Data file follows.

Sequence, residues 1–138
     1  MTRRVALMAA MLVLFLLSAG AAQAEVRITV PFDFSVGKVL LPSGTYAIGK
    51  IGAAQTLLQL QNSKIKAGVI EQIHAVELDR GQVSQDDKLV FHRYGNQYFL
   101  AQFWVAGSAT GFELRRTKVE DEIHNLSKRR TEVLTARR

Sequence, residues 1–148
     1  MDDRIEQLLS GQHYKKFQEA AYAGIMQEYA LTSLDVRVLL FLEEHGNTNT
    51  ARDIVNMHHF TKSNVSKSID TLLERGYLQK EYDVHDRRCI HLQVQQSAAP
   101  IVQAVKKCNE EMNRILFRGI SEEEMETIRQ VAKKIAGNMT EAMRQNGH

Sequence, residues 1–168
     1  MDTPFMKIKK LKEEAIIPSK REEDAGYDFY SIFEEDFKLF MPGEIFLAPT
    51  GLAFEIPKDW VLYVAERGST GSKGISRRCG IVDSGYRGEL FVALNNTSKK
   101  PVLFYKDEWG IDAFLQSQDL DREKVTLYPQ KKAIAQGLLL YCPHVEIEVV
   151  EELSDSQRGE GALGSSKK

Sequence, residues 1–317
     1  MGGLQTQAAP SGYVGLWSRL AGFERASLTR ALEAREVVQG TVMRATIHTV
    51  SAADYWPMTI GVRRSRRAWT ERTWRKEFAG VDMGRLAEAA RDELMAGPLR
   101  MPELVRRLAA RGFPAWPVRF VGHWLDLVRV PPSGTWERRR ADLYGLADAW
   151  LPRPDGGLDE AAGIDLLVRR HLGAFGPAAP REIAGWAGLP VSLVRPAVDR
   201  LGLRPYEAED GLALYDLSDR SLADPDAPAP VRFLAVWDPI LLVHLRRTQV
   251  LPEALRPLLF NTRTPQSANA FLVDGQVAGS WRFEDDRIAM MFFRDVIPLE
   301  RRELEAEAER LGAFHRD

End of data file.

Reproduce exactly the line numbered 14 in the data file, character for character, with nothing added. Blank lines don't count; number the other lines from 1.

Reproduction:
Sequence, residues 1–317